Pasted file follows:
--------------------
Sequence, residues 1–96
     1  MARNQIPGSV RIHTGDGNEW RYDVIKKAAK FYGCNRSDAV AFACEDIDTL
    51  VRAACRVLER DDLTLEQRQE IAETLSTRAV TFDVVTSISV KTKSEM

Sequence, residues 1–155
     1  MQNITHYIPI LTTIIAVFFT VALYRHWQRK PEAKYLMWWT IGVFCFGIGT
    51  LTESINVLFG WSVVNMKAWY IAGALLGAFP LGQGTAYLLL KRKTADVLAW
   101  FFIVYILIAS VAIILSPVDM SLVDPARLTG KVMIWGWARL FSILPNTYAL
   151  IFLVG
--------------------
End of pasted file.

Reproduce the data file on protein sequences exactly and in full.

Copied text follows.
Sequence, residues 1–96
     1  MARNQIPGSV RIHTGDGNEW RYDVIKKAAK FYGCNRSDAV AFACEDIDTL
    51  VRAACRVLER DDLTLEQRQE IAETLSTRAV TFDVVTSISV KTKSEM

Sequence, residues 1–155
     1  MQNITHYIPI LTTIIAVFFT VALYRHWQRK PEAKYLMWWT IGVFCFGIGT
    51  LTESINVLFG WSVVNMKAWY IAGALLGAFP LGQGTAYLLL KRKTADVLAW
   101  FFIVYILIAS VAIILSPVDM SLVDPARLTG KVMIWGWARL FSILPNTYAL
   151  IFLVG